It becomes like a founder's syndrome
: 'No one can do it better than me, and therefore I can't sell my business.' So the vast majority of advisers defer, defer, defer, because there is no trigger event, nothing pushing them to do it," he says.
"There's always tension in a leadership transition, certainly with board and staff members," he said, adding that Melia's departure had nothing to do with differences in fundraising strategy but rather concern regarding founder's syndrome
. "If time has colored that view, that's a shame.
Hehman said this is called "Founder's Syndrome
." He did a lot of research about it before he had "the talk" with McDonald.
He also discusses issues in running a non-profit school or organization, such as moving beyond founder's syndrome
, and gives tips on developing new programs and working with a board of directors.
There is a name for this: Founder's Syndrome
. So, when we want to begin the conversation on succession planning, we need to talk about Founder's Syndrome
as a potential barrier to success.
The very members who did so much to help build your organization may now be entrenched in "founder's syndrome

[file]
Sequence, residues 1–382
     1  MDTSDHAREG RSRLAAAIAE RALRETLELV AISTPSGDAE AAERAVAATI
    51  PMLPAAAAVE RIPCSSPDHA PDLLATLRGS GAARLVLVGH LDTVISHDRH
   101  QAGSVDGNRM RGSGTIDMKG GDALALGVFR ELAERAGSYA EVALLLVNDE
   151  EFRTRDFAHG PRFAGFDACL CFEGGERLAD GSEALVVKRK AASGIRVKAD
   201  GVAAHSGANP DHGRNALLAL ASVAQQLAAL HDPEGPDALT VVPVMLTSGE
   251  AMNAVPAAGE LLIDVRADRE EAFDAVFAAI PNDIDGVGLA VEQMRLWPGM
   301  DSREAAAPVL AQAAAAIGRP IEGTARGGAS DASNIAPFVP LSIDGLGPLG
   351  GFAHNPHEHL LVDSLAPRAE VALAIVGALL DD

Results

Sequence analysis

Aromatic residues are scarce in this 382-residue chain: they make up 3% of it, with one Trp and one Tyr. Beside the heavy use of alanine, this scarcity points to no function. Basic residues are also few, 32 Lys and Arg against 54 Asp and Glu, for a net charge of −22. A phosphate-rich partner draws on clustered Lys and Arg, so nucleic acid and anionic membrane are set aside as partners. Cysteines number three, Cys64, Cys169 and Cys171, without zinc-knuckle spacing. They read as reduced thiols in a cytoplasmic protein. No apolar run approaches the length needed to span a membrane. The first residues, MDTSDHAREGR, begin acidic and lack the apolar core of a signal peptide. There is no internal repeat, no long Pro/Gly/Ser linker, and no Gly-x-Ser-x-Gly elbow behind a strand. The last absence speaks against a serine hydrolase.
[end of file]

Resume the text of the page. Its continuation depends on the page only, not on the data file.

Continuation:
" and will try to organize a full resistance to change.
He is the author of "Moving Beyond Founder's Syndrome
to Nonprofit Success" (2008; BoardSource).
Founder's Syndrome usually occurs when a founder is unwilling to step aside to make a clean break from the organization and the belief that only that person knows what's best for the nonprofit, according to Linda Crompton, president and CEO of BoardSource, a Washington, D.C.-based nonprofit that publishes guidelines and policies about nonprofit governance and management.
Crompton's prescription to avoid Founder's Syndrome is to have the founder step back for a year and not serve on the organization's board." There's no uncertainty around what's good practice; it's not a good practice for the founder to remain on the board," said Crompton.
Jordan said the topic of founder's syndrome was a matter of open discussion among the board.
The term "Founder's Syndrome
" rolls off the tongue for many people, a casual phrase used to describe all kinds of negative situations involving the person who started a nonprofit.